Director: Roger Spottiswoode
Cast: Pierce Brosnan, Jonathan Pryce, Michelle Yeoh, Teri Hatcher, Gotz Otto, Ricky Jay, Colin Salmon, Samantha Bond, Vincent Schiavelli, Desmond Llewelyn, Geoffrey Palmer, Joe Don Baker, and Judi Dench
Plot: Elliot Carver (Pryce), a media mogul seems to know of international news before MI6 even does. Thinking that he might be manipulating the current affairs, Bond (Brosnan) is sent in to investigate.
The bad guys in Tomorrow Never Dies are a really interesting concept in my book. Most of the general public’s information of the outside world comes from the media: television, paper, radio, top-of-the-range movie blogs. When one of the trusted sections of a society (doctors, policemen, politicians), betray our trust, the media are the first to point the finger and start a witch hunt. However, as Roger Spottiswoode explores with his addition to Britain’s longest running movie franchise, what if the media were the bad guys? Enter Elliot Carver, Jonathan Pryce relishing this new take on the James Bond baddie and deciding not to hold back on a gloriously OTT performance. He steals some of the best lines (not easy to do when you are up against the quip-lord James Bond), exaggerating what happens when you get drunk on power, swaggering your way through one of your own parties, firing random staff members when you lose a small portion of your influence. This clever new villain also helps Tomorrow Never Dies hang around in the memory. A lot of these Bond bad guys seem dated these days, even Ernst Starvo Blofeld seeming a little behind the times, but I believe that an out of control media mogul will work no matter where we are in the future. We could even argue, for Britain at least, that untrustworthy newspaper chiefs are even more prominent today, with the phone hacking scandal a few years back.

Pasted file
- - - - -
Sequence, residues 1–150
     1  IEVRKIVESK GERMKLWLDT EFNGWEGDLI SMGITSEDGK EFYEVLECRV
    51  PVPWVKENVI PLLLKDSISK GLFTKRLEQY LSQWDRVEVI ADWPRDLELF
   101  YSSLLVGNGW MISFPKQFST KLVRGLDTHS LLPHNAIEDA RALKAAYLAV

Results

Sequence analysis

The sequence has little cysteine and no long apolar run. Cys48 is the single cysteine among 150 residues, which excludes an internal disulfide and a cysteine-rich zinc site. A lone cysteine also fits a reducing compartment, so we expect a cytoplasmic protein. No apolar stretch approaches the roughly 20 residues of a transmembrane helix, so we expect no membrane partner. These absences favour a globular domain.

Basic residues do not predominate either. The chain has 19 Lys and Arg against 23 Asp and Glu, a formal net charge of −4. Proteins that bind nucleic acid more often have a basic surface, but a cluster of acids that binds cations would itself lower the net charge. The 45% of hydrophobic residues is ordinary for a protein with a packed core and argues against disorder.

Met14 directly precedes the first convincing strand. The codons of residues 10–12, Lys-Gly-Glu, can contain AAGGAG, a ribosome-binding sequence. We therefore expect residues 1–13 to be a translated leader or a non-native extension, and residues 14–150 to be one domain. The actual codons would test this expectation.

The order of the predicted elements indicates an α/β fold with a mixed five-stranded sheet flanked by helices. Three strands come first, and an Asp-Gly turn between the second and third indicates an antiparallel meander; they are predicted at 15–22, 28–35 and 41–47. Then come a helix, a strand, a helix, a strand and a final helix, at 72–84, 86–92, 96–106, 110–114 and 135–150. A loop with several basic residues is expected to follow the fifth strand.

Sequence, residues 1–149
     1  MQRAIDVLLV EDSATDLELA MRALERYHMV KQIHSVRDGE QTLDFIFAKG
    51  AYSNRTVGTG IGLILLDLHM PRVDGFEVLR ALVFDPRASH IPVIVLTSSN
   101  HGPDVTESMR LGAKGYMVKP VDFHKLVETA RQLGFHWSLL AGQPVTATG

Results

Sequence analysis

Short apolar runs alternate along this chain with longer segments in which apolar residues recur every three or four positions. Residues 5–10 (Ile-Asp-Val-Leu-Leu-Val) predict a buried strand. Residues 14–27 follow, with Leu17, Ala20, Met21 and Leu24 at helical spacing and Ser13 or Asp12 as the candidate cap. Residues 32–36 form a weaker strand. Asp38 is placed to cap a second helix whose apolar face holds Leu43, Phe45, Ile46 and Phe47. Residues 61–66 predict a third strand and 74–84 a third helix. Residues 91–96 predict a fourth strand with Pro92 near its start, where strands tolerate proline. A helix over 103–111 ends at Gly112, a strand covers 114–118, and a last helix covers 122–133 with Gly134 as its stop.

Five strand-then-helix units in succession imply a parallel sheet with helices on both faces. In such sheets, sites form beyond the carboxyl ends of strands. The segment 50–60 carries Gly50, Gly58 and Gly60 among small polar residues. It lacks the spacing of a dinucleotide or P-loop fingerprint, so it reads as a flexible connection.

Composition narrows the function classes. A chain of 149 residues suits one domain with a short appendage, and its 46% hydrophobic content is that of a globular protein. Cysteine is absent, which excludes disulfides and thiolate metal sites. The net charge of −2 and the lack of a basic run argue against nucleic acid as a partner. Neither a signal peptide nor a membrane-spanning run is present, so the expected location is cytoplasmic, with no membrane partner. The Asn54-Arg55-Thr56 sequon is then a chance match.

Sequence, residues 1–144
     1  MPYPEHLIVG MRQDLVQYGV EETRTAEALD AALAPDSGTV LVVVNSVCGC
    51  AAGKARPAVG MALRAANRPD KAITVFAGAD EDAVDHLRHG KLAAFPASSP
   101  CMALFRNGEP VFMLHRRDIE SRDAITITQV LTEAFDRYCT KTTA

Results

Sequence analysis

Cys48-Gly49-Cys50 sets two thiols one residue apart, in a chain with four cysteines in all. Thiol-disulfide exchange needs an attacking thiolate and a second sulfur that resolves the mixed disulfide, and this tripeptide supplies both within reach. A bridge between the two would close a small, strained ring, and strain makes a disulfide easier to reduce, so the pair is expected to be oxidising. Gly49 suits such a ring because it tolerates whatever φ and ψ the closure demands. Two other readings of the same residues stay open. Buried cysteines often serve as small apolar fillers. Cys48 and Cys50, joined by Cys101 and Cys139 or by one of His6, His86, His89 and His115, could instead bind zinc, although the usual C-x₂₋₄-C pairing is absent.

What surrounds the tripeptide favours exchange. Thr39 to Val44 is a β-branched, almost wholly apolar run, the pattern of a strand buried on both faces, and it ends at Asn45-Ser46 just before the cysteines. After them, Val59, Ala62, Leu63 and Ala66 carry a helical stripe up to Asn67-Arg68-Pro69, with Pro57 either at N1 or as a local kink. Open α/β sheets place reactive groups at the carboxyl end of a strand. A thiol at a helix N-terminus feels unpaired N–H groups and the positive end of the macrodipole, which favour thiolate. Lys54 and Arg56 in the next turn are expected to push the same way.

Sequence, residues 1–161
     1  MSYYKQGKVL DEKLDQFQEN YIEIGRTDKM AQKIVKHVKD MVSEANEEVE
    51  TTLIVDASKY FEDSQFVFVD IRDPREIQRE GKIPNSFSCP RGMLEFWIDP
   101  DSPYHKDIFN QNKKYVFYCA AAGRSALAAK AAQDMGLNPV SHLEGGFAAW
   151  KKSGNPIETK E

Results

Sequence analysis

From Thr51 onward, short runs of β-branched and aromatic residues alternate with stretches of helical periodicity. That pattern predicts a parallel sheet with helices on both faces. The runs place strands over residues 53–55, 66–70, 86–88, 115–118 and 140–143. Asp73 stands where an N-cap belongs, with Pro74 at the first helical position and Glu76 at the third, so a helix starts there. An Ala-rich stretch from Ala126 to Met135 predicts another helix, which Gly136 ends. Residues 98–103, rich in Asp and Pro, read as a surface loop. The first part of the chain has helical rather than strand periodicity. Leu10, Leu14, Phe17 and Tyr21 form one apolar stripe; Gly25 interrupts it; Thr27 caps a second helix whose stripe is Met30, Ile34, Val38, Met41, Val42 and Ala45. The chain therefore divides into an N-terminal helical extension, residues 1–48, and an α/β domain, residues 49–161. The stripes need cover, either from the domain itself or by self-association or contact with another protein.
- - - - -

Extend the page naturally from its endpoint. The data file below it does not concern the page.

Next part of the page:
But it isn’t just a clever bad guy that makes Tomorrow Never Dies such a decent movie. The truth is that this is good, old-fashioned fun. Spottiswoode is inspired by Campbell’s reinvention with Goldeneye and just carries on from there. We get one of the most memorable cars in Bond history with the BMW 750i, taking the over-abundance of gadgets and having a field day with the concept. In truth, the BMW isn’t the best-looking car we have had in a Bond movie, its first appearance a little underwhelming. However, then we realise it has the remote control steering mechanism, which gives birth to one of the most exhilarating and fun car sequences out there. On top of the car, we have the Stealth Boat, Carver’s weapon of choice, a boat hidden to any form of radar. The final fight sequence, a prolonged cat and mouse game throughout the inner decks of that ship, is great fun and a worthy climax to the rest of the movie. I could point to several more set-pieces, but in all honesty, the entire film performs admirably. It has just nailed that smooth coolness that we go to a Bond film to see. Pierce Brosnan definitely isn’t the best actor to play Bond out there (in fact, I am beginning to see quite a few similarities between his depiction of Bond and Moore’s; the scripts Brosnan gets are just so much better), but he knows how to look the part. Dressed in a sharp suit, with hair that survives all sorts of explosions and chases, Brosnan just becomes the character. And yes, some of those puns are awful, but after a frantic punch-up or motorcycle chase, all you want to hear is what quip is going to come out of his mouth. It is just all fantastic.
True, we have had Bond a lot better. There are moments it doesn’t seem to quite realise its potential. I love the character of Paris Carver, one of Bond’s ex-girlfriends that crops back up in the mission. It is an interesting dynamic and one we haven’t really seen before. Sadly, that side of the story is undeniably brief, with one moment Bond and Paris sharing witty dialogue, the next we are off to Saigon and dropping that subplot completely. Thankfully Wai Lin (not quite as bad as Onatopp, but getting there!), is a worthy Bond girl to fill Teri Hatcher’s shoes, just as bad-ass and dangerous as the British lead hero. The movie also clings to its action movie roots so tightly that other sides of the film are neglected. One of Bond’s loved ones is killed off nastily and we get an emotional moment where he lingers over the corpse. It is a quick breather from the gun fights and well done. However, ten seconds later we are in a car chase, Brosnan back to that cocky smile and neat one-liners. Again, it is all good, but the two sharp changes in tone end up tripping each other over.
Final Verdict: Cool, high-octane action. Maybe it could have been more, but at the very least, Tomorrow Never Dies gives you what you paid for.